Talk us through it
In the not too distant future, 37 years or so from now, the world is a radioactive wasteland crawling with flesh eating zombies. Two strangers meet, one seeking escape from the ravenous hordes, the other apparently after candy.
The strangers connect and the world seems suddenly a much better place, if only for a few fleeting moments. Please note I'm inferring this from the official synopsis.
Mad Max meets Night of the Living Dead!
Reviewbr> Normally I would throw a quote in here to set some sort of mood to the review, but Z3D5 is one of those outings that jettisons dialogue completely and simply goes with the visuals to get the Director's point across to the audience. Daniel Armstrong is ably supported in achieving this by his three leads, but there are some distractions along the rocky road to achieving total nirvana viewing wise.
For starters the production clearly lacked something in the budget department as we have some recycling of zombies going down. This normally isn't an issue as, well, extras don't exactly grow on trees especially in a radioactive wasteland. However a few too many of the zombies are clearly the same ones, which I would blame the makeup department for, and Armstrong has them appearing from different directions, which I would blame the Director for. It's the fine detail that always takes your feet out from under you in movie making. I guess another issue, if we wanted to be overly picky here, is the general lack of blood soaked gore going down. One character goes down under a hoard of ghouls, to use a Romero term, and comes up looking like he might have been at the bottom of a particular aggressive third grade ruck. Clearly Australian zombies are more refined in their eating habits than their North American cousins, I put it down to the Les Paterson influence myself.
Having thrown a few bouncers at Director Daniel Armstrong's head, and oh dear I seem to be in a sporting metaphor mood this evening, I have to give the Director his due, Armstrong knows how to throw together a short movie and make the most of limited resources. Each frame of Z3D5 is well constructed, particular loved the Mad Max influence on the car and chick driving it. The movie romps along pace wise without a misstep, there's no padding anywhere. And the major plot points are hit without fanfare while having enough emphasis to keep the audience up with developments. I would also point to the excellent lighting and film exposure Armstrong uses, he captures the unique Australian daylight while amping it slightly to portray the radioactive nature of the landscape. Armstrong gets where he is going while not missing a beat anywhere in the movie.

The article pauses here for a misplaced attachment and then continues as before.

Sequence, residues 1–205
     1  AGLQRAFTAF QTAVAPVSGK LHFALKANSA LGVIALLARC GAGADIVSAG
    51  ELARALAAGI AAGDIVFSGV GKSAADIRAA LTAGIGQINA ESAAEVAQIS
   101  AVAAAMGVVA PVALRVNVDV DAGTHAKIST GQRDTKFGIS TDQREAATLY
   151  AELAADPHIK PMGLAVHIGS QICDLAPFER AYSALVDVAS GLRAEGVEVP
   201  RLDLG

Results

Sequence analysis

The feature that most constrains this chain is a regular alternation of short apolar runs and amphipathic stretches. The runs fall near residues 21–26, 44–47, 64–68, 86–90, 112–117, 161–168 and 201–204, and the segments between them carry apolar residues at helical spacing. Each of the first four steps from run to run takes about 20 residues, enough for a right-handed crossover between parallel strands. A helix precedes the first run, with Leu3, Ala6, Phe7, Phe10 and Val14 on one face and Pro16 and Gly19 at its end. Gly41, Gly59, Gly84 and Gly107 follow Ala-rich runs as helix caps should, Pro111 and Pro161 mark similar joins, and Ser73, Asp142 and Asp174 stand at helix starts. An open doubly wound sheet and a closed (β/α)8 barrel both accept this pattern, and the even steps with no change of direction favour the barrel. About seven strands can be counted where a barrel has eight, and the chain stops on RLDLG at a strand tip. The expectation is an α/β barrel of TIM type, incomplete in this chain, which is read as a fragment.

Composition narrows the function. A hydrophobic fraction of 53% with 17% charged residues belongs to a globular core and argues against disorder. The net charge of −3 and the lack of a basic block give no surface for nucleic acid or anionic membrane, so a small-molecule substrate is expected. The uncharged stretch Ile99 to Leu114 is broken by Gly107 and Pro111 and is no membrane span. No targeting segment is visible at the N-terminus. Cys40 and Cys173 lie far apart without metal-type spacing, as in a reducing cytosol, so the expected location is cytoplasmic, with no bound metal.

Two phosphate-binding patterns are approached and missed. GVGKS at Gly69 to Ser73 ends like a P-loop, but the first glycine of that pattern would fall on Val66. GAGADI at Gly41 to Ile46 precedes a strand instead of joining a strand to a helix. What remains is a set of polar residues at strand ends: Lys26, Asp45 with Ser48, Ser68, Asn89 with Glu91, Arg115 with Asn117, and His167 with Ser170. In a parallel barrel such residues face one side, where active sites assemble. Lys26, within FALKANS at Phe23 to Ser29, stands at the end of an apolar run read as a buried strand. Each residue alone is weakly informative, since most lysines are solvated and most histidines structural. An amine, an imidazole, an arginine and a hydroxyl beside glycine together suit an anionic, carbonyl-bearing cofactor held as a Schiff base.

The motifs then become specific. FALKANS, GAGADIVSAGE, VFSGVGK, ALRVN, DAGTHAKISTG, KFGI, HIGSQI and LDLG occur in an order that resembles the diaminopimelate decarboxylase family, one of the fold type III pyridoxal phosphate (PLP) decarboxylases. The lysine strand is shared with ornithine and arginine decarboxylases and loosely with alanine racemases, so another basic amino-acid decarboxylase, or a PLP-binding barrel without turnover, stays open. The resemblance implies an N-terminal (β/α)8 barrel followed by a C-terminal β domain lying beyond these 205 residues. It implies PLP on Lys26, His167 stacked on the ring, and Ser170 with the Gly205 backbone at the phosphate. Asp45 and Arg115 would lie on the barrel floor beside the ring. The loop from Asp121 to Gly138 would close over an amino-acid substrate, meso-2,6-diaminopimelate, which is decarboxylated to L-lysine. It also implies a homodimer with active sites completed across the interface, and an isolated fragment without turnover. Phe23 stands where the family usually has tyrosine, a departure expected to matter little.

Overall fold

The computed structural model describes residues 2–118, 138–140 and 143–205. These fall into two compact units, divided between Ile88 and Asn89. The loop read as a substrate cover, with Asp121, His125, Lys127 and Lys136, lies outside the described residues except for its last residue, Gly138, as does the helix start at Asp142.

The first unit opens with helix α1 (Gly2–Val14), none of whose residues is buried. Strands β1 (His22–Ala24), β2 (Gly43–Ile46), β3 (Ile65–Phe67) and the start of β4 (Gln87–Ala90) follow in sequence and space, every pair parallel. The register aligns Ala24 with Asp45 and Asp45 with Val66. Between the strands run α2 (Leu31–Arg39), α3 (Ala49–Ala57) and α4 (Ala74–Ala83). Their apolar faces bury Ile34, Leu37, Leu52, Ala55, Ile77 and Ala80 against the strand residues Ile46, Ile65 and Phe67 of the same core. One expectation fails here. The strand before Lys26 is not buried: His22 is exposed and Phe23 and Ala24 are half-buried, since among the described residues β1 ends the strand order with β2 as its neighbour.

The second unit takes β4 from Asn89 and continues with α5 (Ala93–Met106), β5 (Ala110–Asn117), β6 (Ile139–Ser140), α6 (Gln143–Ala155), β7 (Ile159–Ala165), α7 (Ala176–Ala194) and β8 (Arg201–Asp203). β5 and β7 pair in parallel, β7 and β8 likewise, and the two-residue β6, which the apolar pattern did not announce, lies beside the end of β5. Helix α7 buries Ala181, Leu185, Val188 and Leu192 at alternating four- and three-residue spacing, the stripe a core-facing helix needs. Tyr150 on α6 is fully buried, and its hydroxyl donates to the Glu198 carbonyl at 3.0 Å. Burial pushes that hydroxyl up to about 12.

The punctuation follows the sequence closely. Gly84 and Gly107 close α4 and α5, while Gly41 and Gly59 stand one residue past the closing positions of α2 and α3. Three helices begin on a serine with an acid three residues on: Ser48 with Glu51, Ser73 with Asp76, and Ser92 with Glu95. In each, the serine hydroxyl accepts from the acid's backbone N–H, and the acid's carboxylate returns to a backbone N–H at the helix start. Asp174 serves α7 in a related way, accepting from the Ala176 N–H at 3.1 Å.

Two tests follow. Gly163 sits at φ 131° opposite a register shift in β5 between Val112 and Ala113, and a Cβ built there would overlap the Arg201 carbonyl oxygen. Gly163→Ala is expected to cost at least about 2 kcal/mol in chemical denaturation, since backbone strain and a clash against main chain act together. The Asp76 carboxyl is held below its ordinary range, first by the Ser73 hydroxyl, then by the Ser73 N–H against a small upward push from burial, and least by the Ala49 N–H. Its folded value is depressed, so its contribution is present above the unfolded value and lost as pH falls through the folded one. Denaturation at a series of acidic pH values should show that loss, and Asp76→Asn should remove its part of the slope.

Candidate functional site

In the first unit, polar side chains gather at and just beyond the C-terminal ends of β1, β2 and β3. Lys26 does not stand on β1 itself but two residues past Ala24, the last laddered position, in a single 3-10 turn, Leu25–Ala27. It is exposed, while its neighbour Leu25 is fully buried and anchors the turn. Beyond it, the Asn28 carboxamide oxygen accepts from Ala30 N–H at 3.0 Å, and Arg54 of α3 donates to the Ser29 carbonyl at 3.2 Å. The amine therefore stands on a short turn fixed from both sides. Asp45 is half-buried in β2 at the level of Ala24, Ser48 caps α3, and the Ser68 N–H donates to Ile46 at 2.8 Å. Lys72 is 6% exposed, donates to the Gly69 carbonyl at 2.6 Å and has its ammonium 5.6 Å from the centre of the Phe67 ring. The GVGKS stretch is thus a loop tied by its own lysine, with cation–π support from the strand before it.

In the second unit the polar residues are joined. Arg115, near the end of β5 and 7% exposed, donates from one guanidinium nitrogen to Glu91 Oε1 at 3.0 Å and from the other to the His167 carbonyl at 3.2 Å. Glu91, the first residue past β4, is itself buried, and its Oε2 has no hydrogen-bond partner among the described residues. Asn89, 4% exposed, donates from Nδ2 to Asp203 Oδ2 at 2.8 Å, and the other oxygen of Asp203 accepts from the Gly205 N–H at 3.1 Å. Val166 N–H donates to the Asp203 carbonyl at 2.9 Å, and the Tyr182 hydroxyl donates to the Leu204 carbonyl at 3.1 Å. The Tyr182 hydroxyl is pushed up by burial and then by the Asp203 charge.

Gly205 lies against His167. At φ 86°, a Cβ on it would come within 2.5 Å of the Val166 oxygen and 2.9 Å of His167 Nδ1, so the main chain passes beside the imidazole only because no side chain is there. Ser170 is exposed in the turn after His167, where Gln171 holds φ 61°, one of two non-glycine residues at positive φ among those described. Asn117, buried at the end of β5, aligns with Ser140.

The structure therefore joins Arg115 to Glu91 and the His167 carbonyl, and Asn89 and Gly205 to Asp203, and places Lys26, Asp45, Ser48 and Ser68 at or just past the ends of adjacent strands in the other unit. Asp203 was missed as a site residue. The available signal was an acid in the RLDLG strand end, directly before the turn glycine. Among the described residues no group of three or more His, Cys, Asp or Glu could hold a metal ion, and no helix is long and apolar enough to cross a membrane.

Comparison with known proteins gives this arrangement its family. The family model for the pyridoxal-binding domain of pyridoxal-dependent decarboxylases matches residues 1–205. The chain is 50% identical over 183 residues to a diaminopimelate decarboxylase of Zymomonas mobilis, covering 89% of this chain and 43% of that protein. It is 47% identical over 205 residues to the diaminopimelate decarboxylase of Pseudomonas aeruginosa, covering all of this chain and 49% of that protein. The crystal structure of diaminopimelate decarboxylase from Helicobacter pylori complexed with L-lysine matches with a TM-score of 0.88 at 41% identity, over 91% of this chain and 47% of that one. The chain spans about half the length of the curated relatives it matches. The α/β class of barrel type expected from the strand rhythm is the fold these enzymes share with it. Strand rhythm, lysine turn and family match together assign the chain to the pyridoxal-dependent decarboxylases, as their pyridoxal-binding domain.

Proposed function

There's something romantic about love among the radioactive ashes of a zombie apocalpse. I'm surprised Mills and Boon haven't explored it really.
To a certain extent the movie did need to be lengthened to tell it's story more fully. Z3D5, and what the hell does that mean, starts with a scene of a dude clearly being pursued by something off screen who is on his last legs as he fires his remaining revolver rounds at his pursuers. Armstrong never explains where this character has come from or where he is going. This isn't the written word you need to context things in films, even in short movies.
There's a few nods to other horror outings going down either intentionally or unintentionally. I'm choosing the former as Armstrong appears to know exactly what he is doing. Was there a hint of Carpenter's Ghosts of Mars with some of the zombie makeup effects? Did the 1976 remake of Invasion of the Body Snatchers influence the final few frames of Z3D5? And we are meant to take a Mad Max influence home with us right?
Surprisingly Z3D5 has generated a minor controversy on the net over one scene. Armstrong inserts a flashback that shows his two female leads in a heartfelt making out session in some unknown bedroom. This is actually crucial to the final seconds of the movie, but hey let's not let a little narrative logic get in the way of a good old fashion cat fight on the world wide web, the "l" word is in play. Personally I have no problems with the odd bit of girl on girl action if it doesn't detract from a movie experience or is in no way exploitative. And hey that's my story and I'm sticking to it.
I actually quite enjoyed Z3D5 but think a longer movie is needed to tell the tale Armstrong has going down here. The whole outing is pretty light hearted and doesn't take itself seriously, which is in keeping with the atmosphere Armstrong is striving for. I loved the wordage at the start of the movie that pretty well put you on notice this wasn't going to be a nihilistic zombie outing, or indeed your typical zombie outing. Z3D5 is under six minutes long so you aren't risking much by checking it out, oh and it's free.
For those unaware, Robert Hood has Z3D5 hosted on his blog "Undead Backbrain", check it out Right Here
ScaryMinds Rates this short as ...br> br> Well worth checking the short out, it's a zombie outing what more do you need to know?